Last month, the IT manager of Kenya's election commission was brutally murdered. Now his death is playing a role in unrest in the wake of Tuesday's presidential vote, chaos that threatens to plunge Kenya into violence with reverberations around the African continent. Here's what's happening:
- Disputed results: The first results in the closely watched election suggest a clear-cut finish: President Uhuru Kenyatta got more than 50% of the vote over opposition leader Raila Odinga and thus can avoid a runoff. The problem: Odinga is refusing to accept the results, alleging that hackers helping Kenyatta's party rigged the outcome, reports the BBC. Election officials inside and outside the country are scrambling to assess the claims.
- The murder: Odinga cites the July killing of Chris Msando, whose tortured body was found on the outskirts of Nairobi. He had been in charge of IT for Kenya's election body, and Odinga alleges that Msando's killers stole his credentials, accessed the nation's election servers on Tuesday, and manipulated them to ensure a big Kenyatta win, reports the New York Times. The election "was a fraud," he charged.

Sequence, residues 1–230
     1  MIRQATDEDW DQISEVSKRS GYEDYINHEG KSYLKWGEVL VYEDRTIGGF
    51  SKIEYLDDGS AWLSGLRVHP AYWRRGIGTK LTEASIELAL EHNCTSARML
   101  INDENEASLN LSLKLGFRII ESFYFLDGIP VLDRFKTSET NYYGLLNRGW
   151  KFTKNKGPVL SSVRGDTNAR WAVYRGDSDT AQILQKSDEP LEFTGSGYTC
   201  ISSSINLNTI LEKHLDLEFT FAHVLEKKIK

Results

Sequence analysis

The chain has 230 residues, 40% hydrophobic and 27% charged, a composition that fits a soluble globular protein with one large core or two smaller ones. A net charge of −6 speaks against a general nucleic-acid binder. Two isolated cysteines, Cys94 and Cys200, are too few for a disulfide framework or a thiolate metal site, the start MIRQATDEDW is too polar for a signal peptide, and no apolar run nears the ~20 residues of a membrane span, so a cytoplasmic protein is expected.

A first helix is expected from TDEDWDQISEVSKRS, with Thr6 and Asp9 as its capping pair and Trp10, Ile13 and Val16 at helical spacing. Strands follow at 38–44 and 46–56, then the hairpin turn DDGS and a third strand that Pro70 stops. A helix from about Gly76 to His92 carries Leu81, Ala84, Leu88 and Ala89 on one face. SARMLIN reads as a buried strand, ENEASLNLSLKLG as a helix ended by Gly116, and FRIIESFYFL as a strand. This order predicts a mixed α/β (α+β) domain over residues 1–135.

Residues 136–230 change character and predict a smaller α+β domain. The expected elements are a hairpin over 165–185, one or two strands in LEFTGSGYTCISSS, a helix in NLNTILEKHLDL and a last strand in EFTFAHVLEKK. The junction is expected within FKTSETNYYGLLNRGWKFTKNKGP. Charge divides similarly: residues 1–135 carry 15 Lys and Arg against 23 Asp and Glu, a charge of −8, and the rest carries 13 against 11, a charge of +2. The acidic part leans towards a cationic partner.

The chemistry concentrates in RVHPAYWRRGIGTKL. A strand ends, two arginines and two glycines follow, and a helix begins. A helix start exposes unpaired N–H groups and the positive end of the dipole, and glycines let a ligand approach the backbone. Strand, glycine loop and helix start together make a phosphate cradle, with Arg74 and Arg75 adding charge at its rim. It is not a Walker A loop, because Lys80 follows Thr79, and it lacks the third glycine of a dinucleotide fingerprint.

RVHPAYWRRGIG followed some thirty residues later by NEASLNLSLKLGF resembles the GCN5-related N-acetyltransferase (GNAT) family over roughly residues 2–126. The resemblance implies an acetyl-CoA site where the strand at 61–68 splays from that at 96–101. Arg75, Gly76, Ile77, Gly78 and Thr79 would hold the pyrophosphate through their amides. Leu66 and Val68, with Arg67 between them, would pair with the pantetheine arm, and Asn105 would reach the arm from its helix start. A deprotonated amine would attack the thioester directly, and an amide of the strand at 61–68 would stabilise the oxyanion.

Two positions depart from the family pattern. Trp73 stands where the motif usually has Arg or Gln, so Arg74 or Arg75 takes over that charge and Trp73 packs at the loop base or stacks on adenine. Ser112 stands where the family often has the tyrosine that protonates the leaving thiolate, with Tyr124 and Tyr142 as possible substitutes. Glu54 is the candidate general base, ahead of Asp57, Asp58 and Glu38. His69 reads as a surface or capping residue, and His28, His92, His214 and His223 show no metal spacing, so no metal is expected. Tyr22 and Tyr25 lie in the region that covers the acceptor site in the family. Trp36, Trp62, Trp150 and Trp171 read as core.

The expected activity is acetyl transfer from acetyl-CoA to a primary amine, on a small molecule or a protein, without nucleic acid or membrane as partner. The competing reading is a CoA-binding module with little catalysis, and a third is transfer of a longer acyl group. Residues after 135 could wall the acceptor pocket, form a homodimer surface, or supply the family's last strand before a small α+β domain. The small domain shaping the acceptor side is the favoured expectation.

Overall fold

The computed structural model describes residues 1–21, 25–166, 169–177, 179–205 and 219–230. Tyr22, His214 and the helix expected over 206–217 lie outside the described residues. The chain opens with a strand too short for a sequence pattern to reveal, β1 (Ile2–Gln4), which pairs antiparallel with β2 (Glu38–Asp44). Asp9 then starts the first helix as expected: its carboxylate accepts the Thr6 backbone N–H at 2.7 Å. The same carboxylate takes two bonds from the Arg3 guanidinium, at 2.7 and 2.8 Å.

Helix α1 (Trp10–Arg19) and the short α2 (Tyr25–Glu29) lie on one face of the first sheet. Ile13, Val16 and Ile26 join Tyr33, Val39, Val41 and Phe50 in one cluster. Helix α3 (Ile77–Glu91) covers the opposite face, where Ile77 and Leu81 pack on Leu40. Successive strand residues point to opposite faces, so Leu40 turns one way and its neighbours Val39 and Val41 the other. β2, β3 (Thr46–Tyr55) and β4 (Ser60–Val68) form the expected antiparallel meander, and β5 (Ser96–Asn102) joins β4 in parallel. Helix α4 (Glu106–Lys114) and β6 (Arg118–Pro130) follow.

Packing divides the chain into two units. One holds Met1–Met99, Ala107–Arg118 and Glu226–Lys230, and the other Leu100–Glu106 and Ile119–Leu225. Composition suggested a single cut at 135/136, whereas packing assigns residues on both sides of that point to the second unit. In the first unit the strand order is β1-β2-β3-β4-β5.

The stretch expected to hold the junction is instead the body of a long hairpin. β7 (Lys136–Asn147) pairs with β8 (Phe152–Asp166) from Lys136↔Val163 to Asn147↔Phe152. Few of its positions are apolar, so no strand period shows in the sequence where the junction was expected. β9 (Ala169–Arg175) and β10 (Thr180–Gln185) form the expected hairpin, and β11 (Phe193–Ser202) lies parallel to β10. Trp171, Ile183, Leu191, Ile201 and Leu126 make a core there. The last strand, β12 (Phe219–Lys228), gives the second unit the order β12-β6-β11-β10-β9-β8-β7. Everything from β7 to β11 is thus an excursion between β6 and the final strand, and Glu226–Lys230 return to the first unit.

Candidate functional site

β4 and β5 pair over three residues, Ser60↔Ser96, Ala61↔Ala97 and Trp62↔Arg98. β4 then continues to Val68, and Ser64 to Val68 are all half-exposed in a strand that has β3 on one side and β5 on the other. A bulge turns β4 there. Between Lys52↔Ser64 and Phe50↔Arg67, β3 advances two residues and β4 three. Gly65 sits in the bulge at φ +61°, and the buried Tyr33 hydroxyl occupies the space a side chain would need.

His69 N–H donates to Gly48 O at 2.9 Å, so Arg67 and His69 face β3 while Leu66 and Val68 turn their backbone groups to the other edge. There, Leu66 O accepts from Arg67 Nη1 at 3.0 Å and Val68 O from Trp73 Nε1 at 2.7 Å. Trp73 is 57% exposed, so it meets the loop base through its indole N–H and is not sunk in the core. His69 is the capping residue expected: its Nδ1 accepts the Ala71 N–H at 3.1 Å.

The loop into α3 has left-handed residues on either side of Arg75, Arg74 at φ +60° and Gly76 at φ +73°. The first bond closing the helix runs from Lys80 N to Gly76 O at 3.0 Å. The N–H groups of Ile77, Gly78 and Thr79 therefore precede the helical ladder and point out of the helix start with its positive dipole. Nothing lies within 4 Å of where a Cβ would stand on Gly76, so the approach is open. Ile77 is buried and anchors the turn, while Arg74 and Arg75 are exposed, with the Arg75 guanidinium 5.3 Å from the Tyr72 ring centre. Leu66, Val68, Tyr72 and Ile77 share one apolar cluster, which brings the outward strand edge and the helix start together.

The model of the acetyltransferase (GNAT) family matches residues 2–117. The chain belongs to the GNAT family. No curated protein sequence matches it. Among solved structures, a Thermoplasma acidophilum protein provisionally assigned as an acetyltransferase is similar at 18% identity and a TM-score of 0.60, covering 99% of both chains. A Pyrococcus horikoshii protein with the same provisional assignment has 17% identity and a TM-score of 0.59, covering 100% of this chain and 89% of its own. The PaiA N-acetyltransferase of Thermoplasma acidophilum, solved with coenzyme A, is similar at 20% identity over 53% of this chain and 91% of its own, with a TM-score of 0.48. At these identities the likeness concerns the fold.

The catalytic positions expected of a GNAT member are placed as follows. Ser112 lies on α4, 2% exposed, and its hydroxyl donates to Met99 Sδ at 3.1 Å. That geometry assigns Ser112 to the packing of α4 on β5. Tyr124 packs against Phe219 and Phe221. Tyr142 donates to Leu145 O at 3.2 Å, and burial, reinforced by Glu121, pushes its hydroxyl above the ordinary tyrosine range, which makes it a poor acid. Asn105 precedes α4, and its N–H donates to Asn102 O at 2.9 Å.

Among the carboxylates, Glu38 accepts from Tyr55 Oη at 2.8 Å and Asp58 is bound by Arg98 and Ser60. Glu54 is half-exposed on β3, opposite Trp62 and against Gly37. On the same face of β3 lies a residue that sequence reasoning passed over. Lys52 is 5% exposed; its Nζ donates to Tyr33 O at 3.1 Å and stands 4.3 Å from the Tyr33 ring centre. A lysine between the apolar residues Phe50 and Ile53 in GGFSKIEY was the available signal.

- Violence begins: Odinga called for calm, but his supporters already have begun staging sometimes violent protests, reports the AP. At least two people were fatally shot in unrest in Nairobi. A decade ago, another disputed election—Odinga lost that one, too—led to what was essentially a civil war that left more than 1,200 dead and 600,000 displaced.
- 2 troubling quotes: "I don't control the people," said Odinga after his call for calm. And his supporters chanted "No Raila, no peace" in the western city of Kisumu, reports Reuters.
- Bellwether: This has repercussions beyond Kenya's borders, writes Joshua Keating at Slate. Kenya is "something of a bellwether" in Africa, where electoral democracy already seems to be faltering in nations such as Zambia, Rwanda, and the Democratic Republic of Congo, he writes. The piece also lays out the ethnic rivalries at play in Kenya.
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